Delivery of Chemically Modified Peptides and Proteins through the Blood-Brain Barrier


  • Ulrich Bickel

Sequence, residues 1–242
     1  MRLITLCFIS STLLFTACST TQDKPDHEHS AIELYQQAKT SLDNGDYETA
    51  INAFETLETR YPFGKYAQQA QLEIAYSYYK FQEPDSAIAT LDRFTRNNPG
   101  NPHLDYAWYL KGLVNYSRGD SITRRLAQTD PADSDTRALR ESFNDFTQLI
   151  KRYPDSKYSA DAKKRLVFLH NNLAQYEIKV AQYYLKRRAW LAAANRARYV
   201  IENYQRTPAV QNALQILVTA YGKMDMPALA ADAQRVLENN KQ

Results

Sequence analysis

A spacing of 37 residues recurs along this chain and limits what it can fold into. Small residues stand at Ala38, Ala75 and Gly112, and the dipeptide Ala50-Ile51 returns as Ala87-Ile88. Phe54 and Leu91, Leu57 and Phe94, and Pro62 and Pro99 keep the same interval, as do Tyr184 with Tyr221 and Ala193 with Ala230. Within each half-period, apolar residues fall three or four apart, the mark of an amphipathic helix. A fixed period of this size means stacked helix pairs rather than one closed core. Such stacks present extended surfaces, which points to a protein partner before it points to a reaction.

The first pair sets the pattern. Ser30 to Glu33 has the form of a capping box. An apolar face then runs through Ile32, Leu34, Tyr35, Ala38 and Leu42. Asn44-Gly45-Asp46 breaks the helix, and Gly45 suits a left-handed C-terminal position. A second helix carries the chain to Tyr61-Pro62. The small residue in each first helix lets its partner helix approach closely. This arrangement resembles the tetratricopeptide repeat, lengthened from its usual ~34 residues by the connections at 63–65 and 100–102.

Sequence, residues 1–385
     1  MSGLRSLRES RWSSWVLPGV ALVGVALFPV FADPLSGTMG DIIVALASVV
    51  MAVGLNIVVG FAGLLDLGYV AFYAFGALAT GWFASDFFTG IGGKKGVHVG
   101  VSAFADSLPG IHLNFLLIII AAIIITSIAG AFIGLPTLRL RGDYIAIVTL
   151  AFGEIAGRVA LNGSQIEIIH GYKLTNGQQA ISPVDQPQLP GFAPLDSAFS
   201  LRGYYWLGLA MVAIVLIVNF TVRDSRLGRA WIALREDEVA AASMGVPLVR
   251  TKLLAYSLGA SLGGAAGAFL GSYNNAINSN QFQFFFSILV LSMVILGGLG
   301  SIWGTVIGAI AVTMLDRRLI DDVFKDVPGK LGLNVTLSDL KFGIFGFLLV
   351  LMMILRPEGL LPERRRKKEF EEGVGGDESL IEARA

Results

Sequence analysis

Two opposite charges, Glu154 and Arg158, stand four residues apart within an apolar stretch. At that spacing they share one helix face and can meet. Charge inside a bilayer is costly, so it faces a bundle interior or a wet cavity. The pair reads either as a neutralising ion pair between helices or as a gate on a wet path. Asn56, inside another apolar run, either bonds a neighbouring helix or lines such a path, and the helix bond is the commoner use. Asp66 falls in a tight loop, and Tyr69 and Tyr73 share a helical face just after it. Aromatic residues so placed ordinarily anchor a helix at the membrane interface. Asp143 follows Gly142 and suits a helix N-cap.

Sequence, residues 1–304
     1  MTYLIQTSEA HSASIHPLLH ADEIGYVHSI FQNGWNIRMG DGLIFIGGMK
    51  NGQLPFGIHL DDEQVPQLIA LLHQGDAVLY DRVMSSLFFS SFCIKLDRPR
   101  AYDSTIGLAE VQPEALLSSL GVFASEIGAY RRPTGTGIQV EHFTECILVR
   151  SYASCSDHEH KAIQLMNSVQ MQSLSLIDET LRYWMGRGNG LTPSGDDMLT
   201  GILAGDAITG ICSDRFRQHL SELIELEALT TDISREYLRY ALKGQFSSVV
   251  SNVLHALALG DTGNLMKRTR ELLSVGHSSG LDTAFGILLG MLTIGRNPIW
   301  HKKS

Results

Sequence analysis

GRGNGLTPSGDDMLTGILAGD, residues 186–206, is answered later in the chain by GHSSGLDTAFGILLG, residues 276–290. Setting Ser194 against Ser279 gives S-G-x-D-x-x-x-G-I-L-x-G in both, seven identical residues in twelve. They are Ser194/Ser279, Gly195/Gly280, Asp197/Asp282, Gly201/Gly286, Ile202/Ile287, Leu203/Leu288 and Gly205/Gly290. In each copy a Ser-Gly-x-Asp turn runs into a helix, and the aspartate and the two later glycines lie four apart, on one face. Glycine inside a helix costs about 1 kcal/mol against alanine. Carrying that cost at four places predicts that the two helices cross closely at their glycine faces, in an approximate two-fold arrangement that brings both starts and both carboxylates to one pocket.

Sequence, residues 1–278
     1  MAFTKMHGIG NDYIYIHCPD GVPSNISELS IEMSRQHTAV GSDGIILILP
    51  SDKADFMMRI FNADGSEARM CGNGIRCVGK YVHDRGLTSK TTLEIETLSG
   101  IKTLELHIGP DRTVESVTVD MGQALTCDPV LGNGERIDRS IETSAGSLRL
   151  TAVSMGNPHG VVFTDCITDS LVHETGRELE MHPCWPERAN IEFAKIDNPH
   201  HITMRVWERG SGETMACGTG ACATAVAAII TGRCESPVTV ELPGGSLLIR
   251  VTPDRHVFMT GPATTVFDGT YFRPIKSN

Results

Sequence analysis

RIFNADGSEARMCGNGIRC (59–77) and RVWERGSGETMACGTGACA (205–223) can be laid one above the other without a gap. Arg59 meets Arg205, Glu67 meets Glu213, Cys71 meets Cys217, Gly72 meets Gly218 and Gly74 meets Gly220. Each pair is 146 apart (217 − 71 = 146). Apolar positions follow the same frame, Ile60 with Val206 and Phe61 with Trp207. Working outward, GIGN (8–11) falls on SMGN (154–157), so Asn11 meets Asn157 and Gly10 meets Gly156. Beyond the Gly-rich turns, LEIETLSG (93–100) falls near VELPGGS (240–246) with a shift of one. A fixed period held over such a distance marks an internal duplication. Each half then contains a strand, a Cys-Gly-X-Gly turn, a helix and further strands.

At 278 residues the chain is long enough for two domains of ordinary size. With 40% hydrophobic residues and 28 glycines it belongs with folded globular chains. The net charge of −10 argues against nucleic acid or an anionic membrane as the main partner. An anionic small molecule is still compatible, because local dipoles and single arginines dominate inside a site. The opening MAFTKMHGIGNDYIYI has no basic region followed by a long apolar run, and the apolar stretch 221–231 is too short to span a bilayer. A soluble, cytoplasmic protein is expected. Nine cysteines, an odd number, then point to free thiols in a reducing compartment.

Peptide- and protein-based signal substances serve important functions in our body. Neuropeptides are a class of neurotransmitters involved in specific communication in the peripheral and central nervous system. Therefore, natural and synthetic neuropeptides have potential significance as neuropharmaceuticals. Monoclonal antibodies (MAb) represent another type of proteins which can be used potentially as diagnostic or therapeutic agents. However, the poor permeability of peptides and proteins through biological membranes (e.g. cell membranes) is among the principal reasons, why these compounds have not yet gained the significance as neuroactive drugs in practice which theoretically could be expected from their bioactivity. The blood-brain barrier (BBB) consists of tightly sealed cell membranes and prevents the free access of large and/or hydrophilic substances from blood to brain. There are, however, active uptake systems for some endogenous peptides and proteins present at the BBB, which may be exploited in a physiological approach of drug delivery to the brain. After an introduction to the physiology of the BBB, an overview of potential strategies of drug delivery is given. The physiological approach is presented with examples, showing how peptides and proteins can be modified to achieve pharmacologically significant brain concentrations after systemic administration.






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